He then states why Andromeda was changed from a man to a woman. “This one is all on me” Son posted. He began by claiming the show’s creators wished to change very little, and how the original anime holds up well even thirty years later.

“The only thing that concerned me: the Bronze Knights with Pegasus Seiya are all dudes. Now the series has always had fantastic strong dynamic female characters, and it reflects in the tremendous number of women who are passionate about the Seiya manga and anime-

But thirty years ago, a group of guys battling to save the world with no girls around was no big deal. That was the default then. Today the world has changed. Guys and girls working side-by-side is the default. We’re USED to seeing it. Right or wrong, the audience could interpret an all-male team as us trying to make a STATEMENT about something-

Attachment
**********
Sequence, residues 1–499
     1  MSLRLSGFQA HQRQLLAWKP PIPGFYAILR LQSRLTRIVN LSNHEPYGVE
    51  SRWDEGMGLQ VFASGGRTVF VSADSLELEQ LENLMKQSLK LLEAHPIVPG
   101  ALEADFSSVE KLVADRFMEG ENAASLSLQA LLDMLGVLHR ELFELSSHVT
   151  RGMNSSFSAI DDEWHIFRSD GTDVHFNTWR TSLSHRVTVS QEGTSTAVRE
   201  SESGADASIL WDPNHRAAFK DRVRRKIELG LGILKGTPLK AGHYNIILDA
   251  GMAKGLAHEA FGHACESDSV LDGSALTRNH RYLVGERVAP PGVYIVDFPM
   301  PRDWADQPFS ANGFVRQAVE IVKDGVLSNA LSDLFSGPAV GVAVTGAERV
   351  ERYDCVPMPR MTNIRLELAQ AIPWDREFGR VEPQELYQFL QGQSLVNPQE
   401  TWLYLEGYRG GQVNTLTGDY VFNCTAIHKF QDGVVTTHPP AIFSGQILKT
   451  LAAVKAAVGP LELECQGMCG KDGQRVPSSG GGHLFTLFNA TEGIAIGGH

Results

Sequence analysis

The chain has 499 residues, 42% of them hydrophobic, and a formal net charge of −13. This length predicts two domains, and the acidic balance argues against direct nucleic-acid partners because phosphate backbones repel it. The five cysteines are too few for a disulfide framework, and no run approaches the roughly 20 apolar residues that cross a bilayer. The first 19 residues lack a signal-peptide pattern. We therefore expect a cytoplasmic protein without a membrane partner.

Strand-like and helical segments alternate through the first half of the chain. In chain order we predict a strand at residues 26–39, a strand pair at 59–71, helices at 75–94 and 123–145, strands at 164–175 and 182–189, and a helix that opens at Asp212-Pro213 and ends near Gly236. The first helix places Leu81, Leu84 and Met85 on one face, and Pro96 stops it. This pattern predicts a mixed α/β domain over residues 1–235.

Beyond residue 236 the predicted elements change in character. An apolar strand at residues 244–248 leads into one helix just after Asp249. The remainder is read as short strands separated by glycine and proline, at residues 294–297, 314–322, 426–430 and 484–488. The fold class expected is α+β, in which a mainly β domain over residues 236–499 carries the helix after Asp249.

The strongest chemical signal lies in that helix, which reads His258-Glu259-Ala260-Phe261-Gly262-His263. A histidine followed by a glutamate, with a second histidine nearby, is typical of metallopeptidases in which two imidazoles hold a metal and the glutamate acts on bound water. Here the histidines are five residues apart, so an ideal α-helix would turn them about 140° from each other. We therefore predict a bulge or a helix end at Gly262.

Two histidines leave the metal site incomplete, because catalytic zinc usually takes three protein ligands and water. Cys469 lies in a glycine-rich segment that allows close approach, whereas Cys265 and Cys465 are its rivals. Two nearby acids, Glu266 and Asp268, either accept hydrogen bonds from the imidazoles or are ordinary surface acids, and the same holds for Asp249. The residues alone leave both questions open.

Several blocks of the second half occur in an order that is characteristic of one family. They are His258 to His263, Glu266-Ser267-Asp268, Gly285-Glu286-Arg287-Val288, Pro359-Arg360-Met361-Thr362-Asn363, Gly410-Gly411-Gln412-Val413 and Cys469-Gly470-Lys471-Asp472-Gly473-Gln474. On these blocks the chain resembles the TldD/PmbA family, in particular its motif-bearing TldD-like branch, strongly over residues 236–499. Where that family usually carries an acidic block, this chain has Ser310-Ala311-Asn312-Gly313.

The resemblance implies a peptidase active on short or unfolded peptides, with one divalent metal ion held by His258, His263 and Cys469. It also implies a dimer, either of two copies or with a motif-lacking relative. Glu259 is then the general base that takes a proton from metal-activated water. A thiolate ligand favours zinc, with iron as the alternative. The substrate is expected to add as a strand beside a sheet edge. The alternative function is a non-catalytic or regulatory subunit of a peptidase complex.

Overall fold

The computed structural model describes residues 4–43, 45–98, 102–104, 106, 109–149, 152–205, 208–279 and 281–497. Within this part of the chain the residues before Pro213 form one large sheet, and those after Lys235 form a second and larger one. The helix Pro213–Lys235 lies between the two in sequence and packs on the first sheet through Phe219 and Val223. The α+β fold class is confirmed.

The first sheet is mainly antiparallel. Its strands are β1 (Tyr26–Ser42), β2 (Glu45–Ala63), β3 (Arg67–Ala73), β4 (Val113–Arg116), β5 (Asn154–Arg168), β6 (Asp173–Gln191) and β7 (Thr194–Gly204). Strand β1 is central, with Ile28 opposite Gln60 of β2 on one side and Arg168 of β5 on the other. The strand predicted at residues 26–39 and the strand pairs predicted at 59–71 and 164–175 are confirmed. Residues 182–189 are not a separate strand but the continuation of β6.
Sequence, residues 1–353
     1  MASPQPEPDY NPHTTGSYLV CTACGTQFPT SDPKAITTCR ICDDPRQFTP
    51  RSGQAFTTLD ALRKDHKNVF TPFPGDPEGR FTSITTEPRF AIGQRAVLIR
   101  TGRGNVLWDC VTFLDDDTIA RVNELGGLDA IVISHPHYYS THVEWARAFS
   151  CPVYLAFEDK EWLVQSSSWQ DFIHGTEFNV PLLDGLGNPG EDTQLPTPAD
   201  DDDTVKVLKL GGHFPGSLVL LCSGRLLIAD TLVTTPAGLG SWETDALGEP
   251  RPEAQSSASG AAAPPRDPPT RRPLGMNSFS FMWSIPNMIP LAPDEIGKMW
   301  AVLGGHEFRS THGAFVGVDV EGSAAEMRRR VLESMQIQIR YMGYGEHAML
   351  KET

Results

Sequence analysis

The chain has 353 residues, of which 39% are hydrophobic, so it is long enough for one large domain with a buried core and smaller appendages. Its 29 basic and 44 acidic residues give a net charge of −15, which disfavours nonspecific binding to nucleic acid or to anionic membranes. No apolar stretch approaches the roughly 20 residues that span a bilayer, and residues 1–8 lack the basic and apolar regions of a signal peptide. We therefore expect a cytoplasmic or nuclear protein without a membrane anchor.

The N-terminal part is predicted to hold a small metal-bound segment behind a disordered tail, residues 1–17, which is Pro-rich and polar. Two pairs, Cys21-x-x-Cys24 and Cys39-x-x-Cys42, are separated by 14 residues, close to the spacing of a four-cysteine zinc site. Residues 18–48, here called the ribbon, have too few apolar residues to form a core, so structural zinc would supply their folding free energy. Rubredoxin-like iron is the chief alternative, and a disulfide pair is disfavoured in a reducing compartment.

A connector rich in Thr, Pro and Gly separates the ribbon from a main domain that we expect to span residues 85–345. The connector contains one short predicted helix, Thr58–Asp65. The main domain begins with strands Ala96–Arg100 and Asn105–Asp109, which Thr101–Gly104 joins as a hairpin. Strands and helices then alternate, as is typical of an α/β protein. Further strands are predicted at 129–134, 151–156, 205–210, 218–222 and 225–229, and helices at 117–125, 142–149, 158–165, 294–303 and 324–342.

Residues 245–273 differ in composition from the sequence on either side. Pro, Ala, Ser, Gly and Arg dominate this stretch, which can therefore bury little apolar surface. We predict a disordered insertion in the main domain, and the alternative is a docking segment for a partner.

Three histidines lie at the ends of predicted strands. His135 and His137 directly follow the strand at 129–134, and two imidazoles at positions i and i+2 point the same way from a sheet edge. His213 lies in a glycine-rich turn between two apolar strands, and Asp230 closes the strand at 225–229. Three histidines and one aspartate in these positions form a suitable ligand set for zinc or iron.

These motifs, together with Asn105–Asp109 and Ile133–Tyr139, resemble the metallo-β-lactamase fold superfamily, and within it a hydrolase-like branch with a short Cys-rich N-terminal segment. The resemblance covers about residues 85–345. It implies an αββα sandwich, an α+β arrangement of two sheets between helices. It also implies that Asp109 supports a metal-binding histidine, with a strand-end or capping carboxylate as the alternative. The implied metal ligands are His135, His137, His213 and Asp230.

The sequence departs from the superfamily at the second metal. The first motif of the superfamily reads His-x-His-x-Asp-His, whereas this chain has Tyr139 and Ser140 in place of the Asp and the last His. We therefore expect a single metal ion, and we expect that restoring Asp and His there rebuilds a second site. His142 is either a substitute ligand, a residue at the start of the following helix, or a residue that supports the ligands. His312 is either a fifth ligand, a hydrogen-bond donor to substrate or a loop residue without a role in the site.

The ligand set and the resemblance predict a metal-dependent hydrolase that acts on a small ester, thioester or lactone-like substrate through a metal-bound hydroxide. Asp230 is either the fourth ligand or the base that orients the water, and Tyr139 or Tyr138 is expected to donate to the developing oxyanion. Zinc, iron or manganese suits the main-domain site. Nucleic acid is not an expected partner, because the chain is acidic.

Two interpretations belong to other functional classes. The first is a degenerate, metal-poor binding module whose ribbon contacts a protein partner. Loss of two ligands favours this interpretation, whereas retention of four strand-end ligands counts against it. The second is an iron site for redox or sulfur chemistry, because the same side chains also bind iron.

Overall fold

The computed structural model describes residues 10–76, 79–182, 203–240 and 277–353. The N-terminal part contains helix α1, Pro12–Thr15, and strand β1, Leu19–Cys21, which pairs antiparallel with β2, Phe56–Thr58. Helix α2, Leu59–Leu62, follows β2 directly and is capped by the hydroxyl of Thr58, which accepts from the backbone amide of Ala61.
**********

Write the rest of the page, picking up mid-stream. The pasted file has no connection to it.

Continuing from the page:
And maybe 30 years ago seeing women punching and kicking each other wasn’t a thing. But today? Not the same. […] There are plenty of female characters in the anime and manga. Marin and Shaina are both incredible. But they’re both powerful already – no one wants to see them turned into Bronze Knights-

Do we take an existing character like Sienna (formerly named Saori) or Shunrei or Miho, give them powers, and turn them into our April O’Neil?  Or do we create a new female character and have her join the team?

Maybe…?  But I didn’t want to create a new female character that would stick out and be obvious – especially if she was not created naturally and has no character/personality except “to be the girl.”